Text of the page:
‘Rubber People': The Americas’ First Civilization
Since 1967 Jungle Discovery Anthropologist Has Been at Forefront of Olmec Research
by Chris Bryant
Considering Dr. Richard A. “Dick” Diehl was born in Bethlehem, perhaps it’s no wonder much of his life’s work has focused on the birth of an ancient civilization.
Diehl’s birthplace was the Pennsylvanian city, rather than the Palestinian one referred to as the cradle of Biblical history, and his professional career has focused on some of the peoples, including the Olmecs, who once inhabited parts of Mexico.
Believed to be the creators of the first civilization in Mesoamerica (which includes much of Mexico and Central America), the Olmecs have been linked with Diehl for some 40 years. In 1967, while working as a field director on a Yale University archaeological project in the jungles of San Lorenzo, Mexico, the budding anthropologist assisted in an astonishing discovery – one in which other researchers have continuously expanded – which still reverberates today.
“We had seen a monument sticking above ground,” Diehl recalled of the events from four decades ago at the now famous Olmec site. “I went out to expose it, and we had to cut down trees and clear the area. As I started excavating the monument, which was just a plain stone slab, I expanded the excavation and hit another stone monument. We cleared the area, and it turned out there were several lines of monuments.”
In all, the group discovered 13 monuments at the site. Diehl was personally involved in the recovery of one colossal stone head, which weighed approximately 10 tons, and seven or eight other monuments from the area, located atop a plateau.
“It was quite thrilling,” Diehl recalled. He said he remembers thinking, “‘So, this is what it’s like to be an archaeologist.’” He only later learned just how rare such discoveries are. “I never found that much stuff in my life again,” the UA anthropology professor said.
More important, anthropologically, than the monuments themselves, was that the group Diehl was working with was able to date the abandonment of the monuments.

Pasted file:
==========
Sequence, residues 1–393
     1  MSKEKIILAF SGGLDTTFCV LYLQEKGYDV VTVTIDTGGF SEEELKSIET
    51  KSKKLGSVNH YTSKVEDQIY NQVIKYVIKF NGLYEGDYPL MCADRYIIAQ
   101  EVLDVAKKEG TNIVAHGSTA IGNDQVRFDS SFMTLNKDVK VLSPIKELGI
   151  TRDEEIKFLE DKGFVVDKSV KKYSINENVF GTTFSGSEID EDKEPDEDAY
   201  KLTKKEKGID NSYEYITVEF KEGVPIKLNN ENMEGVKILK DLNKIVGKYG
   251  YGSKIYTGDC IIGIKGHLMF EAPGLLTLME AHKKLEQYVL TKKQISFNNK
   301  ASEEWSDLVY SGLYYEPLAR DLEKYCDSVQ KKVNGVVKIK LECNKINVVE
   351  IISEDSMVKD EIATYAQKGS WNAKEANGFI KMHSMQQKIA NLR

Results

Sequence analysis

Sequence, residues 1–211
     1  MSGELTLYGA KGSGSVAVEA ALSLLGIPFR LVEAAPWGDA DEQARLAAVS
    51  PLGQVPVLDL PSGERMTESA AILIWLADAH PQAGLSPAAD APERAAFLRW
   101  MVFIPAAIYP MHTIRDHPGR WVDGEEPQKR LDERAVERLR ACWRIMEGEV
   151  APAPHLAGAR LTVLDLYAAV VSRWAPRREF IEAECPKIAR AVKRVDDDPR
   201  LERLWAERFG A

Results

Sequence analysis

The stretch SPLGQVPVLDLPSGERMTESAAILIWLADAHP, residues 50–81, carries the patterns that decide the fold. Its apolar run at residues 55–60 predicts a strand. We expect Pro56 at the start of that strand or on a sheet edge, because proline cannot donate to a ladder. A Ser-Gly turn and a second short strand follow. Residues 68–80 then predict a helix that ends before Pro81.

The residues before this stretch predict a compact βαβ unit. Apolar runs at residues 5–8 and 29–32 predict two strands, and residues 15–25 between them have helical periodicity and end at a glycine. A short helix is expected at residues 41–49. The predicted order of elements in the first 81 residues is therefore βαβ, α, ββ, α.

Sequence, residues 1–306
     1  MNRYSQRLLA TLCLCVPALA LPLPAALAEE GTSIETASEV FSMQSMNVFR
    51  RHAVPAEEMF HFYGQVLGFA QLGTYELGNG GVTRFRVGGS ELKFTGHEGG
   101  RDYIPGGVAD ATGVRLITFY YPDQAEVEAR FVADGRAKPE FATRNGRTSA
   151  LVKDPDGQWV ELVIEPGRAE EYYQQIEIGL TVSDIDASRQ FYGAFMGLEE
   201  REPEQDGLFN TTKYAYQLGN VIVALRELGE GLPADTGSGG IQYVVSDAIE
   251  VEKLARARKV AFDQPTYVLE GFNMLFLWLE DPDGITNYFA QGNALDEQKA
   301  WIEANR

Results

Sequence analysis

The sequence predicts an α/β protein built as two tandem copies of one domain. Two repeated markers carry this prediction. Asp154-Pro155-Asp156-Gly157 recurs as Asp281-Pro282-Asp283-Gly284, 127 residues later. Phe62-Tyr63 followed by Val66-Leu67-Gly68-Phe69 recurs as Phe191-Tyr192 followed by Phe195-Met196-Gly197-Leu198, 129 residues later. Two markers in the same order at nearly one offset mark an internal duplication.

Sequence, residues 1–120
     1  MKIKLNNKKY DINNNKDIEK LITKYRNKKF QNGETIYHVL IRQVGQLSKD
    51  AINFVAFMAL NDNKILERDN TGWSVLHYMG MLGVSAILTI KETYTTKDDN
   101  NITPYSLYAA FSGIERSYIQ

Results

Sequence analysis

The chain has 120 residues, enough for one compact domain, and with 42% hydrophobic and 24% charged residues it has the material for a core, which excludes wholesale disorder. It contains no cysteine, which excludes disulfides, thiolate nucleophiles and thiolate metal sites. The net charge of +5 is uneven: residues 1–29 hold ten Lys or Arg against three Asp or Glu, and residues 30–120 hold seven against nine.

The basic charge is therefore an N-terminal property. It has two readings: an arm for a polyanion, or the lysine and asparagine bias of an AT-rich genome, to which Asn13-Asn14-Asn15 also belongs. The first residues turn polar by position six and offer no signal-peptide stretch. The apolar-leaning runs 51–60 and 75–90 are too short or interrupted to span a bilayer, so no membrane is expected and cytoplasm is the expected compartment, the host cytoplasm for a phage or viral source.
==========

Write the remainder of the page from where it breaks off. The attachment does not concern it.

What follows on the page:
“That had been a big issue in Olmec studies,” Diehl said. Through carbon dating and other techniques, the group confirmed the stones were abandoned about 900 B.C., “which was quite a bit older than most people thought the monuments were.” Since that time, through more discoveries and more sophisticated testing techniques, anthropologists now place other Olmec artifacts from the site at about 1500 B.C.
At the time, the anthropologists thought the monuments – some of which weighed about 20 tons and were carved from stones brought from some 60 miles away – had been deliberately buried. They now know better.
“This was actually a workshop, a place where they were bringing in existing monuments, were breaking them and carving smaller monuments out of them,” Diehl said.
At its height, the site where the then 26-year-old Diehl uncovered first one monument, then another and another, was part of an archaeological site that was once, at its peak, part of the largest community anywhere in the Americas. “It’s about seven times bigger than we thought it was,” Diehl said. “The whole sides of the plateau are also part of the archaeological site. We cut the jungle down on the plateau top – that took us two years, with about 50 guys with machetes, cutting it down, burning it off and mapping it. But the jungle on the sides of the plateau was much denser than the jungle on top.” So, that area was inadvertently left for future discovery.
If Diehl wasn’t already convinced that the Olmecs were worthy of significant study, playing such a central role in a breathtakingly important discovery did so. A significant portion of his career since 1967 has been devoted to the study of the Olmec culture, and he is widely considered one of the world’s leading Olmec experts. He’s lived in San Lorenzo for a total of 12 months, during two separate field seasons, and he’s traveled back to the area for study on 10 different occasions.
Diehl’s 2004 book, “The Olmecs: America’s First Civilization” was published to widespread acclaim, with reviewers in American Archaeology referring to it as “a must for students of ancient Mesoamerica.”